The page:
Tegnap | Hier (2018) **** Locarno International Film Festival 2018

August 7th, 2018
Author: Meredith Taylor

Writer/Dir: Balint Kenyeres | Cast: Vlad Ivanov | Thriller | 119′

Hungarian filmmaker Balint Kenyeres is best known for his Cannes awarded short film Before Dawn and The History Of Aviation which opened the Directors’ Fortnight in 2009.

In this paradoxical psychological thriller Romanian actor Vlad Ivanov (Toni Erdmann/Sunset) plays Victor Ganz, an architect/builder who fetches up in North Africa on a business trip that will lead him into a place of unreliable memories and exotic characters. Slowly he plunges into a labyrinthine world where present and past collide, as the future gradually closes in on him – or so it would initially seem.

In HIER Hungarian auteur Balint Kenyeres creates a scenario where a seemingly decent businessman travels to an exotic country where nothing is what it appears to be. On his arrival at the bustling port Victor cuts a reassuringly suave figure at the wheel of his Swiss registered black Range Rover on route to a 5-star hotel through the shabby streets of the souk. He gives short shrift to the locals, throwing his weight around with the local cultural attaché and barks orders to his staff back home on a mobile ‘phone. On the face of it, he is the sophisticated European on a mission connected to some property he bought many years ago on a previous visit. After the affairs of the day, he retreats into the shady backstreet where the local bar The offers lives music of a chance to ‘kick back’ with an old acquaintance. But this is where the mood changes and grows more sinister as echoes of the past flood back to a long-lost lover who has mysteriously disappeared. At this point, we assume that Victor is going through some kind of mid-life crisis, as he will never be the same again. Or is the the real man emerging from behind the soigné persona. After making probing inquiries, a scuffle breaks out and Victor wakes the next morning in a building site being robbed by two young boys who make off with his wallet. Injured and empty handed, he makes his way to the villa of another old friend who sets him up with fresh clothes and the briefcase left behind on his last visit. But on the way to the airport his cranky old bus breaks down and leaves him stranded in the middle of nowhere. Perpetually making telephone calls home, Victor promises to be on the next plane home but there is no urgency in his desire to leave, the search for his old lover propelling the narrative further and further into remote corners of the desert as he desperately questions each random contact for information that may lead to the mysterious woman.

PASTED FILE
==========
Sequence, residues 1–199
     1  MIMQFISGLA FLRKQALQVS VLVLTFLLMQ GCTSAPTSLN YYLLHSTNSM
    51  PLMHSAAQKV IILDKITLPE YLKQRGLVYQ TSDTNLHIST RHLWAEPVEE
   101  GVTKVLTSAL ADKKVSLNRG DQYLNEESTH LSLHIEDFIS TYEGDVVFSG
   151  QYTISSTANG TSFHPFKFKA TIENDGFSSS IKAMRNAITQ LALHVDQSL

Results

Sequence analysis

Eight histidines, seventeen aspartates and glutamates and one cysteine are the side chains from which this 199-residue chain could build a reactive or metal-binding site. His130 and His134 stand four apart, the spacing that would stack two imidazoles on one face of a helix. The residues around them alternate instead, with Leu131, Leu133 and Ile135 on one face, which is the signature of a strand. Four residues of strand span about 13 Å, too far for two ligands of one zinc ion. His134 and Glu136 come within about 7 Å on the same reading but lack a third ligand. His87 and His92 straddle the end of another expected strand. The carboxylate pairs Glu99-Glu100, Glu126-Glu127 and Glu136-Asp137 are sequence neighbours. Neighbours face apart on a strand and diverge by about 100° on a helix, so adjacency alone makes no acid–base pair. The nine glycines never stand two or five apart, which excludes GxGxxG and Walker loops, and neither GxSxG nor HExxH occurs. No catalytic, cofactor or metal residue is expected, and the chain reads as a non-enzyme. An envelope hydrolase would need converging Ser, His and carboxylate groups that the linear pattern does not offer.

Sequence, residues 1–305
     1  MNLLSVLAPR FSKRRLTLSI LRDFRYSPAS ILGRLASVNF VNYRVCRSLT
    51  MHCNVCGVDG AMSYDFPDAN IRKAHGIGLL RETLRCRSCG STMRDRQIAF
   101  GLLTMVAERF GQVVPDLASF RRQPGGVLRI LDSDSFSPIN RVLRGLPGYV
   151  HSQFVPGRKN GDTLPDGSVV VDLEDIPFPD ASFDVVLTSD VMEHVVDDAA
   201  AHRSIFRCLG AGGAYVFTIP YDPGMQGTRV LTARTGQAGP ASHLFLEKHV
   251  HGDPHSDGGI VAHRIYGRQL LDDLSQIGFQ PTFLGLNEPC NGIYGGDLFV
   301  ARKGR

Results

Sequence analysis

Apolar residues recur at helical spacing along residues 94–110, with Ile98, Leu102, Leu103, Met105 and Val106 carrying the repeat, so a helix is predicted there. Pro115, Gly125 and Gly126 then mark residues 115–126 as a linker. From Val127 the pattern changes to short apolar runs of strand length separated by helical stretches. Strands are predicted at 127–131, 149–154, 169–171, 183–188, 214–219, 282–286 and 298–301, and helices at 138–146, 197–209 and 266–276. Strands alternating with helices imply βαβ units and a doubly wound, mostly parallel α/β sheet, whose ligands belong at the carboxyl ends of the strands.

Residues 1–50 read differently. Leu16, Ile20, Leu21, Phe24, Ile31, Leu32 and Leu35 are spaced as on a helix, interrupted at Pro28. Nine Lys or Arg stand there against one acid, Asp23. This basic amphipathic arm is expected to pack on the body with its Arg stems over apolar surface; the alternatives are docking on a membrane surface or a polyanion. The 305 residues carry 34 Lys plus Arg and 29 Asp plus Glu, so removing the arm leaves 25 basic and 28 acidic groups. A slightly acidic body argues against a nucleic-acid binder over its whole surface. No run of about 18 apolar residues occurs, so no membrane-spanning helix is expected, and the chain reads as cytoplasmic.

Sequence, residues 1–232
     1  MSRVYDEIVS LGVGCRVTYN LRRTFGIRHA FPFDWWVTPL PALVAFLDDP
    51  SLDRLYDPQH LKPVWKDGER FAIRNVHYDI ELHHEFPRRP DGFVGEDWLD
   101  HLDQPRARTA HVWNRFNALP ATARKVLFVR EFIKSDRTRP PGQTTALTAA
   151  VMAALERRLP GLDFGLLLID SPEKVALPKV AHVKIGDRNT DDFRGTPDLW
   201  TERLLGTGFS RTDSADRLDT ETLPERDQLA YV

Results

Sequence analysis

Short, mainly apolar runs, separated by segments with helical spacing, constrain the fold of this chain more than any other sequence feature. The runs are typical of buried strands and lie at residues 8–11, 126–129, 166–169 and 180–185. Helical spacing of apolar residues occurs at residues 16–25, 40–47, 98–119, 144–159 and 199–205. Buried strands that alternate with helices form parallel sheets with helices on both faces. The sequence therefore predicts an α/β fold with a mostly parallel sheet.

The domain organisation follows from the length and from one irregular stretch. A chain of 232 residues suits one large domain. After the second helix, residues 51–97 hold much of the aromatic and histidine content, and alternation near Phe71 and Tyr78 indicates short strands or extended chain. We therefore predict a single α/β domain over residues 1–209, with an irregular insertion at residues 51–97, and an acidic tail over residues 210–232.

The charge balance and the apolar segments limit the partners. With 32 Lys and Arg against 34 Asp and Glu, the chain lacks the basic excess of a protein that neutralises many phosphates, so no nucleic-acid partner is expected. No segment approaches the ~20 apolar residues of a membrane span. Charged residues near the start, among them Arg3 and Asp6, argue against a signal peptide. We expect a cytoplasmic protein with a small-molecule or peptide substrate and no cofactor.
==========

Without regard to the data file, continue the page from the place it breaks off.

HIER is a strange and beguiling thriller with a tense undertow that makes it watchable and compelling. Shooting in Super 16, Kenveres achieves just the right grainy 90s feel without it being a retro affair. The essence of the story lies with the character of Victor, and gradually we start to question his motives. Apart from being unlikeable and difficult to connect with, he lacks conviction as a businessman or an architect, for that matter, once he moves away from the respectable surroundings of his comfortable hotel. Initially we believe in Victor: he seems plausible enoug and businesslike, going about his days with a sense of purpose. But gradually Victor becomes an unreliable witness to proceedings, an antihero unable to stick to his timetable or even stand by his word, let alone his memory. He brushes people up the wrong way, continually oversleeps and is deceitful to his partner waiting for him at home: He is the proverbial ‘man with feet of clay’; and whilst we identify with his situation, we certainly don’t identify with the way he handles it, driven by a near psychotic desire to uncover the past and obsessed with this enigmatic woman who he names ‘Sonia”. Kenyeres’ script continually subverts our expectations in his paradoxical film. The characters Victor meets in his alien surroundings prove to be increasingly more solid and reliable than he is: an old doctor who kindly stitches up his wounds; a professor researching into hyaenas and a friendly shopkeeper who finally puts him on the right trail. But Victor rewards the kindness of these strangers with truculence – even stealing the professor’s jeep – as his behaviour deteriorates into a state of lust-crazed psychosis. The enigmatic denouement is left to the imagination, making it even more powerful as the antihero is finally trounced by the very people he previously held in disdain. It’s an inventive idea for a story and Kenyeres pulls off. He raises vital questions about social stereotypes and the human condition – can we really reliably connect, identify and compare our own experiences with those of another person? And this is the crux of this unusual and compelling existential thriller. MT


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